Wednesday, February 21, 2024

Restored diplomatic relations with Cuba: What does it mean for U.S. poultry exports?

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By Jim Sumner

Special to Poultry Times

STONE MOUNTAIN, Ga. — When the Republic of Cuba hoisted its flag over Washington, D.C., last July at the formal dedication of the opening of the Cuban Embassy to the United States, the ceremony marked the end of half a century of diplomatic silence between the two countries. The historic event also offered a glimmer of hope for the U.S. poultry industry that Cuba can become an even more attractive market for U.S. chicken than it already is.

Over the last 15 years, Cuba has become the fifth-largest export market for U.S. chicken. In 2014, our industry shipped nearly 144,000 metric tons of chicken — mainly leg quarters — to Cuba worth $147.6 million. And, although trade restrictions resulting from the avian influenza crisis in the U.S. this year hit poultry exports hard across the board, Cuba was still an important export market. Sales to Cuba through the third quarter of 2015 totaled more than 75,000 tons valued at more than $63 million.

U.S. chicken actually accounts for almost half of total U.S. exports to Cuba, and is the single largest export commodity to the island nation. The story of how this came to be began when President Clinton relaxed the trade embargo to allow U.S. exports of food and medicine to Cuba. If it weren’t for a hurricane, however, U.S. chicken might never have become so popular.

In November 2001, Cuba bore the brunt of Hurricane Michelle, which destroyed thousands of homes and displaced thousands of Cuban citizens. President George W. Bush quickly offered help in the form of food aid, but Cuban President Castro rejected U.S. handouts. Instead, Castro said he welcomed the offer of food, but only if Cuba paid for it. A shipload of chicken was the first to reach Cuban shores after the hurricane.

I have traveled to Cuba many times over the years as a participant in U.S. agricultural trade missions, and have met with President Castro on several occasions. On one of my first visits, our delegation was invited to an audience with Castro over dinner. One of the things he said was that he had come to realize that Cuba could never produce poultry competitively, and that he would rather see his country concentrate on those commodities that it produces well, such as fruits, sugar cane and tobacco, and import those commodities that it cannot, such as poultry.

Castro understood something that many other world leaders never did — import what you need and produce the products at which you’re most efficient. This has served our industry well over these intervening years, and has given us a market that we had not had before. This was especially significant this year, because of the AI-related import restrictions in many markets around the world that have negatively affected exports.

Even with the restoration of diplomatic relations between the U.S. and Cuba, however, the U.S. trade embargo against Cuba remains intact, which is a limiting factor in further expansion of the market. Under the old regulations, exporters could not accept payment for their shipments through U.S. banks, which forced them to employ financial institutions in third countries. Although the new rules allow payments through U.S. banks, they still require cash-in-advance before any shipments depart U.S. ports. The new rules also do not allow credit, which actually works to our advantage, as we have seen many reports of exporters in other countries having to wait many months for payment — if they were paid at all.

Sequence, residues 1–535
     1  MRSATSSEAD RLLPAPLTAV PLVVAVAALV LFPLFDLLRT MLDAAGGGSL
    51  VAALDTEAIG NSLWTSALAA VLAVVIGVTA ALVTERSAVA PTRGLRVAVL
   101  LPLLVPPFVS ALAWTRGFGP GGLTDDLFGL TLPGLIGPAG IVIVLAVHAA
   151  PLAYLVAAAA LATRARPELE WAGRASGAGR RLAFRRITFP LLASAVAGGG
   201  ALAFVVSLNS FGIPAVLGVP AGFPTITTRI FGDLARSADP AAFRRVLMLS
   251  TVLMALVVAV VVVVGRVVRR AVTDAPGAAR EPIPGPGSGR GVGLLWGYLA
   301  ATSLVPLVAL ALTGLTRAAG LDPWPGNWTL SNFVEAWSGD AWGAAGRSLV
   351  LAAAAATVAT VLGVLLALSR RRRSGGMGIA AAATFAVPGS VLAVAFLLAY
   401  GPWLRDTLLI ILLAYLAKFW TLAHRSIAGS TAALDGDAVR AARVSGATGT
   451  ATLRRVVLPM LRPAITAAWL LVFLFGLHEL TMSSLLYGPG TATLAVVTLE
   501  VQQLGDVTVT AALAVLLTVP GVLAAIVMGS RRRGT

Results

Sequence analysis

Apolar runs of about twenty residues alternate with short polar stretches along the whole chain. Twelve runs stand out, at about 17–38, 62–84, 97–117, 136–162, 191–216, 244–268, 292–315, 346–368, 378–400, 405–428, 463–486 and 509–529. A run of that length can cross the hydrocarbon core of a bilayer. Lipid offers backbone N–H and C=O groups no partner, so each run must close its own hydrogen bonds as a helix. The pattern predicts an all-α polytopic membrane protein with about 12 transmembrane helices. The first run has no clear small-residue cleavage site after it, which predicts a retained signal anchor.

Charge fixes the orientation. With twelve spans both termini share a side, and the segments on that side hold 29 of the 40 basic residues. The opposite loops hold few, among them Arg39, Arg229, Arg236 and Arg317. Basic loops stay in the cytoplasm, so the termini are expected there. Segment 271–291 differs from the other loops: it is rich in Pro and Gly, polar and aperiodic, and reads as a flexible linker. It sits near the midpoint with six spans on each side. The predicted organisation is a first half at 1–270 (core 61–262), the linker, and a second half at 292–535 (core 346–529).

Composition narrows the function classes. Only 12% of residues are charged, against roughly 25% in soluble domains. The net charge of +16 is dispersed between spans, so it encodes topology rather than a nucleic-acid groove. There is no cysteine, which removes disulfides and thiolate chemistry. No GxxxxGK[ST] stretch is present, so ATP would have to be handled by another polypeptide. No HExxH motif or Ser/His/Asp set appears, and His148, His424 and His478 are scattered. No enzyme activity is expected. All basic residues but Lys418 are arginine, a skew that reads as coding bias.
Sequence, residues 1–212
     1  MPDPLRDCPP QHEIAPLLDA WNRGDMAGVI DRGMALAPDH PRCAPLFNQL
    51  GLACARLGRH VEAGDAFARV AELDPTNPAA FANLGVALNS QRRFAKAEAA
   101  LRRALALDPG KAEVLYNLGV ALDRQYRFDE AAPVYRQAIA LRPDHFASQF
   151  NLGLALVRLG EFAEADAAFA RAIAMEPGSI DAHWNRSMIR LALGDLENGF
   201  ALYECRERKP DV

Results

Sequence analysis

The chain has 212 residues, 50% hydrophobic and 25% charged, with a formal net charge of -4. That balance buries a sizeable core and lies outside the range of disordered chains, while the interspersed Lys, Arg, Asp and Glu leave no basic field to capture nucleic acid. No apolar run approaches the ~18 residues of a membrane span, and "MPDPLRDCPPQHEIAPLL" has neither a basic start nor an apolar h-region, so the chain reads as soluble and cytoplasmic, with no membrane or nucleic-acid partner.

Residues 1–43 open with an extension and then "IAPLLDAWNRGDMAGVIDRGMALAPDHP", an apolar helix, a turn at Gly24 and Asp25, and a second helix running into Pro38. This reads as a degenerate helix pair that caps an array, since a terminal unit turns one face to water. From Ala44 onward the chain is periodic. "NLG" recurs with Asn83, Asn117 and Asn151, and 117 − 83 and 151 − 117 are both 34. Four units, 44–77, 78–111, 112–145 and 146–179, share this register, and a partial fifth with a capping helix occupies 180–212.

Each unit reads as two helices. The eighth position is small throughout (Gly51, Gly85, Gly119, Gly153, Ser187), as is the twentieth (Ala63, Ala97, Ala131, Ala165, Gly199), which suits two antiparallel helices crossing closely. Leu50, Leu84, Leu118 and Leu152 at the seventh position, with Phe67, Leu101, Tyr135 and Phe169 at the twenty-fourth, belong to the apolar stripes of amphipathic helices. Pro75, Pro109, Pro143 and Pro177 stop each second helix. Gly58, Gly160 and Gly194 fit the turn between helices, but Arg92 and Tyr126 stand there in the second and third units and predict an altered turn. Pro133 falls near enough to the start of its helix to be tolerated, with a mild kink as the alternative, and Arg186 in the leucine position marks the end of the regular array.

We do see these recent developments as reasons for hope over the long term, however. As are many other countries, Cuba is primarily a market for chicken leg quarters, which is the world’s most affordable source of animal protein. But as we have seen recently, the potential is huge for Cuba to become a tourist mecca, especially as travel restrictions for U.S. citizens are becoming increasingly being relaxed.

In Cuba currently, it is often impossible to find a hotel room, and new hotels cannot be constructed quickly enough to meet demand. To our industry, this means that Cuba can quickly become not simply a market for low-cost commodity products, but also for a range of further processed products that our industry produces for food service use.

As has been shown time and again, as a country’s per capita income increases, so does its consumption of meat and poultry protein. If U.S.-Cuba relations continue to improve, tourism could very likely give Cuba a much-needed economic boost that will benefit both sides.

USAPEEC participated in a large food show in Havana recently with several of our member companies. Our booth was hugely popular and our members were besieged with inquiries about U.S. poultry products from Cuban buyers.

It’s difficult for us to know what to expect because Cuba has long been a political lightning rod. But from where I sit, I firmly believe that Cuba will provide many great opportunities for U.S. poultry exports for many years to come.

Jim Sumner is president of the USA Poultry & Egg Export Council with offices in Stone Mountain, Ga.

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